User:Anthony Salvagno/Notebook/Research/2009/10/29/Thermal Cycler Thermocoupled

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I don't know what the best way to approach this would be, but I will just take lots of measurements at different temperatures in different tube positions and see what the deal is. I will put all my readings in my patented spreadsheet.


There are 20 positions a tube could be in in our thermal cycler. There are also a range of temperatures that can be used in various situations. Using a thermocouple I did a calibration measurement of the block in every tube position at 37C. By this I mean I put the temp sensor in a tube holder (on the block) and touched it at the bottom of block. I had it set at 37C for about 5 min before I measured everything. These results are first below and are denoted in the pink boxes.

Next I filled a bunch of 0.5ml tubes with water (about half way). Andy punched holes in the top of the tubes large enough for the sensor to fit inside. I then placed these tubes randomly about the block. See the drawing in the results section. The thermal cycler comes equipped with a sensor and we filled it with oil and placed it in tube position 2. I then calibrated the tubes of water at 37C by placing the sensor in the tube and pushed it as far down as it would go (to just below where 100ul would be). One tube of water was filled to 100ul and this was used to simulate PCR conditions. Initially this tube was placed in position 12.

I set the thermal cycler to program pRL574 and performed the PCR settings. I chose this because I wanted to reach a variety of temperatures and change them frequently. Also because my PCR hasn't been working and I want to know if this machine is reaching the desired temperatures.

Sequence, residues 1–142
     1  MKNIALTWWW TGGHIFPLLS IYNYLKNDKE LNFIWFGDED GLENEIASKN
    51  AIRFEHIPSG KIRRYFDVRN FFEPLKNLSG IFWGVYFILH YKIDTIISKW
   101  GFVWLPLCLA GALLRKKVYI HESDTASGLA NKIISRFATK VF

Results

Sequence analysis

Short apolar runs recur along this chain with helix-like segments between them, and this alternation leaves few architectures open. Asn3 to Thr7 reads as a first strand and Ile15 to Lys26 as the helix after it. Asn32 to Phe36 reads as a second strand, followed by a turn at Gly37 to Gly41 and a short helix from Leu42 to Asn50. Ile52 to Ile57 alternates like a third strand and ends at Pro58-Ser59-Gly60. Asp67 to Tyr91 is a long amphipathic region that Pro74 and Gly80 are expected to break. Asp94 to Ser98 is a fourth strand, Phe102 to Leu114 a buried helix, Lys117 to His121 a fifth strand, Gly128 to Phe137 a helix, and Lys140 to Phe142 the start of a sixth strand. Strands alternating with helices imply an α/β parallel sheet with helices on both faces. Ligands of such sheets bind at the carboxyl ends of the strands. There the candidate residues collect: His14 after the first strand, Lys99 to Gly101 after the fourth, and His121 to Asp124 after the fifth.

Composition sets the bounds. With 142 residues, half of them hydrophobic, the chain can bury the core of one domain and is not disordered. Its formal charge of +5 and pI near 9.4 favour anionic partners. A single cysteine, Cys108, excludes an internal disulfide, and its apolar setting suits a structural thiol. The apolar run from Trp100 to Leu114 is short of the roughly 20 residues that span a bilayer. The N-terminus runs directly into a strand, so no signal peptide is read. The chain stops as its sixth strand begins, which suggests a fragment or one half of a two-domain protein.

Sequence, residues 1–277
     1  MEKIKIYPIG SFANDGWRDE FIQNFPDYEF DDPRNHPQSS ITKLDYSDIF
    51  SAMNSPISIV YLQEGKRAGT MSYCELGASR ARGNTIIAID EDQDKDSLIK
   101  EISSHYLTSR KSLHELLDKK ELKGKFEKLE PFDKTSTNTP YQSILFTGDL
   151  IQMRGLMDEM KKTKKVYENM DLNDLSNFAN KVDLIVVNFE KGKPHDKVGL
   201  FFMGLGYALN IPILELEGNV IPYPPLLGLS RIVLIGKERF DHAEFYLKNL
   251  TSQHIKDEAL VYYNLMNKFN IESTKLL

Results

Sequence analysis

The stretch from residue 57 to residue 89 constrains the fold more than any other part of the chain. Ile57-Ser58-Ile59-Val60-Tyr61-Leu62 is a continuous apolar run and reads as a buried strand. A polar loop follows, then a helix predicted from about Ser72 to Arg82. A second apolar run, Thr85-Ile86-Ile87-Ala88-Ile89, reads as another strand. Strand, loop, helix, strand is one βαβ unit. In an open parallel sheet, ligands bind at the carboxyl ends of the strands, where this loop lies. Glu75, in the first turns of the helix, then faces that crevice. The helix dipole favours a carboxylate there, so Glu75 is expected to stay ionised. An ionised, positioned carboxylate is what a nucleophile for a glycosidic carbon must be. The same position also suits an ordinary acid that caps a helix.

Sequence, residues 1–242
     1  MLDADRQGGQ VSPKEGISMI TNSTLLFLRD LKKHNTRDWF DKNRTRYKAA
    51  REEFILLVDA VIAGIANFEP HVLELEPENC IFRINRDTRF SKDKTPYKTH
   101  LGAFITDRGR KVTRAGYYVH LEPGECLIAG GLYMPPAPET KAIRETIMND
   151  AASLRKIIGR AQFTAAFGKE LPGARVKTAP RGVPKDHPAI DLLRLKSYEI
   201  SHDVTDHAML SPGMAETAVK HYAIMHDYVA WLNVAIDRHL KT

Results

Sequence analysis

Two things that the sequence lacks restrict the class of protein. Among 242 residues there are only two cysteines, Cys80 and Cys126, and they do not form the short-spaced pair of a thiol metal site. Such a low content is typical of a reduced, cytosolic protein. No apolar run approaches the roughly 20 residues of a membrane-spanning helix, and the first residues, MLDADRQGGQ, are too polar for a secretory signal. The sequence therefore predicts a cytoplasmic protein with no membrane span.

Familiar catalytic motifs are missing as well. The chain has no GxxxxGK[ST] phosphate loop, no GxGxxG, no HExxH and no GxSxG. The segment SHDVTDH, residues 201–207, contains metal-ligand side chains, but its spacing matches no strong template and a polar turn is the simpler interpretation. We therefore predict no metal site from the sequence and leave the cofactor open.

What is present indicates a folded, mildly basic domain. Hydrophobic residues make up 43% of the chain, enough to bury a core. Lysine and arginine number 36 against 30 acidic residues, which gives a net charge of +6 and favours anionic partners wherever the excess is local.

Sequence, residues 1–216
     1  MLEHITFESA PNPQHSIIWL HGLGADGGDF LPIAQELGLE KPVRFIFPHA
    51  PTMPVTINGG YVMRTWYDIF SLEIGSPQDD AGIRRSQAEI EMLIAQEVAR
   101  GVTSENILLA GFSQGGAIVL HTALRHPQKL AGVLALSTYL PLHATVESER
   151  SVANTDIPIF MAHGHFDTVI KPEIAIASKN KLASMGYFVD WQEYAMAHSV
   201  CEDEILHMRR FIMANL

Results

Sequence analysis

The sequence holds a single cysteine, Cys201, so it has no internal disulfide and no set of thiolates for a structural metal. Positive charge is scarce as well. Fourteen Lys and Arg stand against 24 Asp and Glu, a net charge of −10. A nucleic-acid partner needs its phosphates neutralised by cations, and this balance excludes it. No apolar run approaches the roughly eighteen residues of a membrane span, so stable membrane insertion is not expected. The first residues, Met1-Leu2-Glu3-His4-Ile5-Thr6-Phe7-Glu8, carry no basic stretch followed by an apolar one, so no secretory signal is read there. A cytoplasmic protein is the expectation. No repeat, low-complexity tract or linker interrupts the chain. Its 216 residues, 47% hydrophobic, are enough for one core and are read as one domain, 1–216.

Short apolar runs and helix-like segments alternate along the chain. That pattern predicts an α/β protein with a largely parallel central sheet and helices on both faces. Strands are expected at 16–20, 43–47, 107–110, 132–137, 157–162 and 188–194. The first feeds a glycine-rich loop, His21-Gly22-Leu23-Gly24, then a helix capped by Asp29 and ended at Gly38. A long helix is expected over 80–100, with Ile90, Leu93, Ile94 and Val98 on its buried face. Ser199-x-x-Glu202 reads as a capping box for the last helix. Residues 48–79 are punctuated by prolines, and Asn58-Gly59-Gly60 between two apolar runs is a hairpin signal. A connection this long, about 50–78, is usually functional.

I took 3 sets of measurements:

  1. PCR cycle was going, hot lid on, lid up. Each cycle I would take recordings from 3 different tubes, and every cycle I would change the test subjects. For these readings I would pick random subjects. I measured different water tubes, tube 12, and empty positions (on the block).
  2. PCR going, hot lid on, lid up. I tested tube 12 in various tube positions with the lid up. I would record tube 12 in a single position for one cycle taking measurements at each temp of the cycle.
  3. PCR going, hot lid on, lid down. I tested tube 12 in various tube positons with the lid down. I would record data for the tube temps in a single position for one cycle taking data at each temp of the cycle.

Typically I would record a temperature point when the time left at a given temp was within 10 sec of switching. For instance if the cycle was at 94C I would record a temp at t < 10s. At t = 0s the temp would switch to the next setting in this case 60C. For each set of measurements (see above) I restarted the PCR program.

Data is shown below.


{{#widget:Google Spreadsheet |key=tWmAYN9_7qjXrlFL7Bh1Yuw |width=1000 |height=400 }}


As of now I don't know what to do with the above information. Steve Koch 00:27, 30 October 2009 (EDT): These look like really important data, especially the last part where lid is closed. It's not clear to me how long the cycler had been at a particular setting before you recorded the measurement? This must have taken a ton of time, thanks for doing it! Steve Koch 11:51, 30 October 2009 (EDT): Unfortunately, I think only the "lid closed" are reliable. But looking at the last set, "lid closed / sim tube," sim tube is doing an awful job, especially at 94C. That is surprising. I made a 4th column in Excel that was the difference (measured temp - temp) and colored the negative numbers red, which made it easy to see the pattern. I think you should repeat this using "block" setting. But you don't have to do so many wells. I think you should do a couple wells with a water tube and a couple directly on the block.